6. Tony Williams (1945-1997)
Tony Williams studied drums with Alan Dawson in his childhood and was playing professionally in his early teen years.
When he was seventeen, he played in the second great quintet Miles Davis. He also recorded two albums in this period before continuing to form his own jazz trio.
Williams has gone on to record over 20 albums on his own, and nearly 100 more albums with artists such as Yoko Ono, Carlos Santana, and Herbie Hancock.
Modern Drummer Williams was inducted into the Hall of Fame in 1986.
He died of complications from gallbladder surgery at the age of 51.
7. Jacques DeJonnet (1942-)
Jack DeJohnette has been a pianist since the age of four and played the instrument professionally as a teenager. He later turned to drums when he heard a neighbor’s jazz technique.
Although he loved the sound of jazz, DeJohnette initially played drums for R&B groups in Chicago.
After playing with John Coltrane in the 1960s, DeJohnette began playing more jazz and eventually joined Miles Davis’ band.
By the 1970s, DeJohnette went solo and recorded albums either on his own or with the bands he started.
In the early 2000s, DeJohnette earned a Grammy nomination for his work on the Keith Jarrett album.
He later left this group and returned to solo work, although he currently plays with the Jack DeJohnette Group, a quintet.
8. Elvin Jones (1927-2004)
The circus parades he saw as a child drew Elvin Jones to drums. His older brothers were jazz musicians, playing piano and trumpet, so it’s only natural that he would follow in their footsteps.
He started joining the band in his high school. Discharged from the army, Jones bought his first drum set and became a professional playing for Detroit clubs.
He played with Miles David and then moved to New York City to make a name for himself.
In town, Jones became a member of the Quartet of John Coltrane before forming the Elvin Jones Jazz Machine, which he led until his death.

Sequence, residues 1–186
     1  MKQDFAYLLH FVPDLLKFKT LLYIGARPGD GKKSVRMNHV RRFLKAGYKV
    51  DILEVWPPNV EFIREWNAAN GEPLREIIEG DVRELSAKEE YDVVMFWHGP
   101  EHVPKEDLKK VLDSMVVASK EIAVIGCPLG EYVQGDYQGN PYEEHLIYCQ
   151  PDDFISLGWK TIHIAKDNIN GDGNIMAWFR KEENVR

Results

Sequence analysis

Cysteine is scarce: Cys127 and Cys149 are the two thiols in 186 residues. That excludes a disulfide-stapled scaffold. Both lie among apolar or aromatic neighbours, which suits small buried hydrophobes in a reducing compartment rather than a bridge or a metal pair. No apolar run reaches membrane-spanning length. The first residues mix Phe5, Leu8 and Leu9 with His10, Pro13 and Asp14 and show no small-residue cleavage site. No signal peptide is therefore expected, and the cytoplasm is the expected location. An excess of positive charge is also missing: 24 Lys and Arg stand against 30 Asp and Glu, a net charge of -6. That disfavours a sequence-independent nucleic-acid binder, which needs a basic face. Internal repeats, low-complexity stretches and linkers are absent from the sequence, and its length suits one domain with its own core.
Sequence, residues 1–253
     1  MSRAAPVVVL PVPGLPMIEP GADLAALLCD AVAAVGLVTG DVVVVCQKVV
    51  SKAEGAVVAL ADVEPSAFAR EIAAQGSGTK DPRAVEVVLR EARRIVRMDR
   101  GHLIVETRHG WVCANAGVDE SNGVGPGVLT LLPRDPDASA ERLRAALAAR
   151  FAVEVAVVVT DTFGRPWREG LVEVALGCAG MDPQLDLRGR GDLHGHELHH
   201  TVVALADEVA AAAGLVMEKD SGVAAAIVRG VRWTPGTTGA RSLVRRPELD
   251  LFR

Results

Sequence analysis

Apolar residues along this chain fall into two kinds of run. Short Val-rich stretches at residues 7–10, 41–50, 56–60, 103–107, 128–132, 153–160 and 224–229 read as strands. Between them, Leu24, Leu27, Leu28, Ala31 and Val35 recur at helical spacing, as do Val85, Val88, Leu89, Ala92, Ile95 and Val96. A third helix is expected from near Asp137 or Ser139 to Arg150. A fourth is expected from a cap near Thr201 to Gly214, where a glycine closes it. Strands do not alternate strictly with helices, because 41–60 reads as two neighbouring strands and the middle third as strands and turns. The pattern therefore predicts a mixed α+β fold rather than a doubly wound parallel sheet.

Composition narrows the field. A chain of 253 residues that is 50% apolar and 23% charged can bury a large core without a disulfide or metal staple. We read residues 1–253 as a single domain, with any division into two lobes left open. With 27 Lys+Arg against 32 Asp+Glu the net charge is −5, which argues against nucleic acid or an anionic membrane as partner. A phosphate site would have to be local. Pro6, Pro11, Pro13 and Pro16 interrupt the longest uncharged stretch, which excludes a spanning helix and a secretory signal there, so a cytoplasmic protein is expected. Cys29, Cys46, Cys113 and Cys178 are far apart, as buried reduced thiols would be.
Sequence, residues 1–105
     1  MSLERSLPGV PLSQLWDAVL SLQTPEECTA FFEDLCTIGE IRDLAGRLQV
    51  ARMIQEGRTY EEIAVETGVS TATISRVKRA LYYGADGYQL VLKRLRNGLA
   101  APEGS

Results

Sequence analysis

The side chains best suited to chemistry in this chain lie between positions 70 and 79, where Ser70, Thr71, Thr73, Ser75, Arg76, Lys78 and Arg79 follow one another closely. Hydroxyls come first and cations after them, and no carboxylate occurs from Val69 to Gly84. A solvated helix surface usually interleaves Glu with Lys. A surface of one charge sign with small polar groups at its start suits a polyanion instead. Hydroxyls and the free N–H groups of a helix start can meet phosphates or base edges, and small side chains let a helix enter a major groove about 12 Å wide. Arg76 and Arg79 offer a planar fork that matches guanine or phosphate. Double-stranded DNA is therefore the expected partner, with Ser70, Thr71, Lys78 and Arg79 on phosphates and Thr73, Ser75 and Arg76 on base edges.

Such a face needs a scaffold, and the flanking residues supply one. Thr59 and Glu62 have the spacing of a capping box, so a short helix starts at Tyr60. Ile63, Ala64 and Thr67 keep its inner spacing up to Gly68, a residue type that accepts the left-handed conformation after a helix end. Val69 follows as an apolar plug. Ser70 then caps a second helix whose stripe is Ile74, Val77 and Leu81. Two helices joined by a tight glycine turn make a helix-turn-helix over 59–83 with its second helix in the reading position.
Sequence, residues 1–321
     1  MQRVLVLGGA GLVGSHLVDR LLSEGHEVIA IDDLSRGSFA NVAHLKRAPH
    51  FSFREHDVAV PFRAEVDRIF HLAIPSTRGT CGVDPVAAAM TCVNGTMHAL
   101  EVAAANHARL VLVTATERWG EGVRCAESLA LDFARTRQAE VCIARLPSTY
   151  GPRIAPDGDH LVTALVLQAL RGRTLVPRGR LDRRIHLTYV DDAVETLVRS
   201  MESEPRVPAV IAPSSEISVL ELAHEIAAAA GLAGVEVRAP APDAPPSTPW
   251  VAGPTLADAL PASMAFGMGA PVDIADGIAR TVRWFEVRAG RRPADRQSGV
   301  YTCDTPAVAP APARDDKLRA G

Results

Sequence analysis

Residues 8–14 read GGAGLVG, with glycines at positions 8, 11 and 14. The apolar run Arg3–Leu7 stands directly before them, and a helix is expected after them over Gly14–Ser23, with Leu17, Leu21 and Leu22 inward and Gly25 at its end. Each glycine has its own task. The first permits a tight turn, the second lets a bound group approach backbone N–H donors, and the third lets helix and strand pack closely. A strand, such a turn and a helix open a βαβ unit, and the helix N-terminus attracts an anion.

9- Louis Bilson (1924-2009)
Louis Bilson was an American jazz drummer who started playing drums when he was just three years old.
His father owned a music store in Illinois, so Bilson had access to drum sets. He created his own drum using two bass drums, which was an innovative sound at the time.
After he finished school, Bilson played with big names like Duke Ellington and Benny Goodman. He even married a jazz singer, Pearl Bailey, and kept music in the family.
Talking Drummer inducted Bilson into the Hall of Fame in 1985. Another honor that Bilson received was a little less solid: he often performed in the White House; Only Bob Hope led there more.
10- Billy Cobham (1944-)
Billy Cobham was born in Panama but grew up in Brooklyn. At the age of four, Cobham began playing the drums. He sang with his father, a pianist, shortly after he turned eight.
Cobham attended High School of Music and Arts until he joined the army, but even there he played in the band.
After his discharge, he became the house drummer for Atlantic Records and recorded with several of their bands.
As a member of Miles Davis and the Mahavishnu Orchestra, Cobham has recorded several albums.
He eventually branched out on his own, and in 2011 started the Billy Cobham School of Drums.
11. Peter Erskine (1954-)
Peter Erskine was born in New Jersey and began playing the drums when he was four years old.
He went to a high school for the arts before studying percussion at Indiana University. After graduation, he joined the Stan Kenton Orchestra.
Erskine later played on the teams Weather Report, Steps Ahead, and Chick Corea.
He is currently a professor at the Thornton School of Music at the University of Southern California. He also continues to play music, most notably working with Kate Bush on an album.
12 – Terry Lynn Carrington (1965-)
Terri Lyne Carrington is the only woman on this list, but she totally stands out. Born in Massachusetts, she began playing drums at the age of seven, inspired by her grandfather.